“It’s not!” Grace said firmly. “You’ve turned into such a strong and capable man I hardly recognise you sometimes. I know now that I let my need to keep you safe cloud my vision – if I’d looked at you with the same eyes I used on Elaine I’d have realised something a long time ago. You’re doing exactly what you were meant to do. I’m proud of you,” she said again, firmly. “And your father would have been too. He wanted nothing more than for you to love flying as much as he did. I know it because he talked about his dreams for you while you were still in the womb.”
“God Mom,” Evan protested, finally looking up. The emotions he was struggling to contain made the blue of his eyes stand out intensely. “What are you trying to do to me? I’m okay with all of this – I don’t need you to -,”
“You might not think you do,” Grace protested, “and that’s my failure as well. I’m sorry I made you feel like you had to keep part of yourself separate from me. I don’t want you to do that anymore ... I want to get to know my son again, all of him.”
Evan swallowed hard, closer to losing it than he’d been in a long time ... since the night Elaine had joined him in St Petersburg. He didn’t say anything ... he couldn’t ... he just looked his Mom, his eyes tortured.
But he didn’t need to. Grace took his hands and he let himself be pulled towards her. On his knees, with his mother’s arms around him, he rested his head on her shoulder and let himself shed tears in front of her for the first time since he was ten.
It wasn’t for long, only a few moments before he remembered he was a grown man and too manly masculine to be weeping on anyone’s shoulder, let alone his mother’s. Sitting back on his heels he rubbed hands roughly over his face, taking the evidence away. “Enough,” he said firmly, rocking back to his feet and retaking his seat.
“It’ll be enough when you agree to stop protecting me,” Grace insisted firmly. “It’s been a long time Evan. I’ll never forget your father ... never stop worrying about the dangerous job you’ve signed up for ... but you don’t need to hide all things military from me anymore.”
“Okay – I get it,” Evan replied impatiently. “I’ll stop filtering all the military references ... hell, I’ll even wear my uniform home occasionally if it makes you happy. Okay?”
“There’s no need to get smart with me young man,” Grace’s tone wiped away the mature man facade and had him feeling like he had as a child when he’d been caught doing something he shouldn’t have.
“Sorry,” he muttered apologetically.
“That’s better,” Grace held her smile in with difficulty. “Now, when are you going to find yourself a nice girl and settle down?”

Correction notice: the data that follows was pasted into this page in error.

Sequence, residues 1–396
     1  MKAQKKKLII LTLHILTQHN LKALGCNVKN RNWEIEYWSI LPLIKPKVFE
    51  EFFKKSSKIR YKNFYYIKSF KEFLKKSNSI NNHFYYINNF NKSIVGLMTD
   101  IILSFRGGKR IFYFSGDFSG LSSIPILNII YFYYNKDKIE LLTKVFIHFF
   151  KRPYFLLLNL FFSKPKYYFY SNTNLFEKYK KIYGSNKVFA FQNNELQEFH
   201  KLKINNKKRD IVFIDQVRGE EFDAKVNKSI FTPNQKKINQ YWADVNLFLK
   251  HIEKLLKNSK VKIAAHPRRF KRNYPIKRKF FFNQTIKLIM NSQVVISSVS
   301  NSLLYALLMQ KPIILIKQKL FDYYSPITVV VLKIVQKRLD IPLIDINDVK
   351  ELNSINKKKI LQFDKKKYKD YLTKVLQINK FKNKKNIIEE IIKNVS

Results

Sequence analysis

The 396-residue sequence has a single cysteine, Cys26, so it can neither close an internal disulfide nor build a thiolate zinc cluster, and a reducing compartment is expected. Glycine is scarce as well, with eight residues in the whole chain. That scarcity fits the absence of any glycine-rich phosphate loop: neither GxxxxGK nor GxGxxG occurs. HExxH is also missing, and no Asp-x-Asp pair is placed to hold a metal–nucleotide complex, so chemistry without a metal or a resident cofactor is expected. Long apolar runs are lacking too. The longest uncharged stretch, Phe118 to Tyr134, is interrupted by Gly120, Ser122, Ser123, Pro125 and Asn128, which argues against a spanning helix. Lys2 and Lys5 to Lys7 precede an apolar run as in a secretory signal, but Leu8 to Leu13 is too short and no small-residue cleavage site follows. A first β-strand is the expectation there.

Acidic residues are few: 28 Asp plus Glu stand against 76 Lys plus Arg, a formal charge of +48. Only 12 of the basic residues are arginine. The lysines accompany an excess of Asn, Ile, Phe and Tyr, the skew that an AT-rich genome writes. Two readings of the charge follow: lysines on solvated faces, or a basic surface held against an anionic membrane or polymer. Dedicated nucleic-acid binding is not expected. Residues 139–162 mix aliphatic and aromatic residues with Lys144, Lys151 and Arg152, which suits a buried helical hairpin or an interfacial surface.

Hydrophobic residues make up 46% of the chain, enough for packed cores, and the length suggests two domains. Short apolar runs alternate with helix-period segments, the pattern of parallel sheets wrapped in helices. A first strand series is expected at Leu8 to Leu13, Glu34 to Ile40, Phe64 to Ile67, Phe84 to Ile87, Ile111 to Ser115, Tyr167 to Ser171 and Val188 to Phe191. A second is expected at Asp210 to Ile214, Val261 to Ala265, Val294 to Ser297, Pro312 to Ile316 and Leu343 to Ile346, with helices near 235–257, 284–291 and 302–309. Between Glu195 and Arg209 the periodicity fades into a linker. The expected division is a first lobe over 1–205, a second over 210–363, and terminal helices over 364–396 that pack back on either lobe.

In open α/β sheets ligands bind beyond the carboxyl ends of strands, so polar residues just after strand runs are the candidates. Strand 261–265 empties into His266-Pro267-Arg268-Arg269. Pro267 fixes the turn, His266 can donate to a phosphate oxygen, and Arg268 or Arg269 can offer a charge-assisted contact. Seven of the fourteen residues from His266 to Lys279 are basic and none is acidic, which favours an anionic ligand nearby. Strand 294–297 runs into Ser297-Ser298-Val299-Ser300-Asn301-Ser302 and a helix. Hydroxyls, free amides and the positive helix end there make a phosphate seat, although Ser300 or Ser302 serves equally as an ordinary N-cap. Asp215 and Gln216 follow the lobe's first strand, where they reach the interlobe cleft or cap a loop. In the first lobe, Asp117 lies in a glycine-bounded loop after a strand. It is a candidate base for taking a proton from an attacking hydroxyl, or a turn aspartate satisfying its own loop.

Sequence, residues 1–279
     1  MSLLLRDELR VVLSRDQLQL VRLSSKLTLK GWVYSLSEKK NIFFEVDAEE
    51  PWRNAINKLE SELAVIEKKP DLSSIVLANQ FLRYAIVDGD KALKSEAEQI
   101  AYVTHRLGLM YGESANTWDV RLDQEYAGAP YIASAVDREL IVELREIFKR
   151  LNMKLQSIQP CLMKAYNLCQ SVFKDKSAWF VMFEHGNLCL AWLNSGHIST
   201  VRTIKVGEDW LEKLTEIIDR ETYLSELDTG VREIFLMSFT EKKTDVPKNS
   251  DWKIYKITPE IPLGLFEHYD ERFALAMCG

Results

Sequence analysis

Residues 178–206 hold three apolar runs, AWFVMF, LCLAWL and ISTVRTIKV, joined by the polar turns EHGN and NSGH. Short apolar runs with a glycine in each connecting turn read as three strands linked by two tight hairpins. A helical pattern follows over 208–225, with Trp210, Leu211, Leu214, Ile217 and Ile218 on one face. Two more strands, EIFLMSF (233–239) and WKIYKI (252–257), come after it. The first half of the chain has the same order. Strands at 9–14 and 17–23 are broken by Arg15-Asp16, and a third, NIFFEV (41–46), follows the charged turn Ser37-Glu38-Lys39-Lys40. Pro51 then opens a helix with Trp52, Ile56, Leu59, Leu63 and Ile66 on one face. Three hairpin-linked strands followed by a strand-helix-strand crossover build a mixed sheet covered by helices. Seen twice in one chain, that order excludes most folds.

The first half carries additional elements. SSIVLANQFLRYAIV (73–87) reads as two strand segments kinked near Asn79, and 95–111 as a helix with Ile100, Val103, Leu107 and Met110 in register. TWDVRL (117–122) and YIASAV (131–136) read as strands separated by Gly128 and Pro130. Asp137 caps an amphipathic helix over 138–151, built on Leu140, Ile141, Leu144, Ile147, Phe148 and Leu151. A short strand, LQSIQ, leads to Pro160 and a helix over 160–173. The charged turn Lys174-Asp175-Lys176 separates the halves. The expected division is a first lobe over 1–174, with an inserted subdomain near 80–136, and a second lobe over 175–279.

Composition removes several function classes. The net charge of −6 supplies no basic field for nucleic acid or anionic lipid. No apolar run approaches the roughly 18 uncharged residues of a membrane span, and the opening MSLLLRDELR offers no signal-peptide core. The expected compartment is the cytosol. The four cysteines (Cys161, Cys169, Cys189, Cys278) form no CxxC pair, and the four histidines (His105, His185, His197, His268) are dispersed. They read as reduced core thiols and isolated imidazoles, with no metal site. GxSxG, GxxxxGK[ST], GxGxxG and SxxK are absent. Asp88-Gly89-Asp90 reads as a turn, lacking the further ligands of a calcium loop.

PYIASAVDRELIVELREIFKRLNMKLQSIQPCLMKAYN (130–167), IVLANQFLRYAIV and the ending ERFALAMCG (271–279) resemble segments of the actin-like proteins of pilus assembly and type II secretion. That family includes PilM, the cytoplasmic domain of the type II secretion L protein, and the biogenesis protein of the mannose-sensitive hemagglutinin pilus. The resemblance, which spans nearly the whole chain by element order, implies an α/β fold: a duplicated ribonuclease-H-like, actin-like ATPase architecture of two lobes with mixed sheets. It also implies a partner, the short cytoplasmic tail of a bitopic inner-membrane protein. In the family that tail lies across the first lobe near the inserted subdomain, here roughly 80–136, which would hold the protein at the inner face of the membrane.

oOo“Did you talk to Mom?” Elaine asked when he met her for lunch the next day.
“Yeah,” Evan put a hesitant look on. “Listen, about that ... I really tried Sis but Mom was pretty clear. It looks like Drew will have to stick with the suit.”
“What?” Elaine’s eyes bulged she was so surprised. “I thought ...,” she trailed off awkwardly.
“I know exactly what you thought!” Evan abruptly shifted moods. “You used your future husband to manipulate me and Mom because you decided you knew better than we did what we needed!”
“You’re angry,” Elaine said in a small voice.
“You're damn right I'm angry ... or at least I was,” Evan relented. “Until I realised you were right.”
“What?” for once Elaine couldn’t keep up with the twists and turns of her brother’s mind. “Can you repeat that because I thought you said I was right?”
“I did – you were right,” Evan repeated. “Don’t let it go to your head though. If you ever try something like that again I’ll put you over my knee and spank you like Mom should have done years ago.”
“Drew wouldn’t let you,” Elaine was smiling now, pleased with herself.
“Hah,” Evan scoffed. “He might be bigger but I’m meaner ... I just hide it better than he does.”
“So – you and Mom talked?” Elaine ignored his implied threat.
“We did,” Evan admitted. “She surprised the hell out of me Lainee ... said she was proud of me of all things.”
“I’ve told you she felt that way plenty of times,” Elaine reminded him.
“Yeah but it’s a lot different coming straight from her,” Evan sighed. “She thinks she failed me somehow ... how do I convince her I don’t feel the same way?”
“You can’t,” Elaine said evenly. “These are her demons Evan, just like you have yours. Now you’re each aware of them, in time they won’t seem as important.”
“Look at you, suddenly all wise and mature – must be Drew’s influence,” Evan smiled at her affronted expression.
“Hey!” she protested. “He’s almost as big a kid as you are!”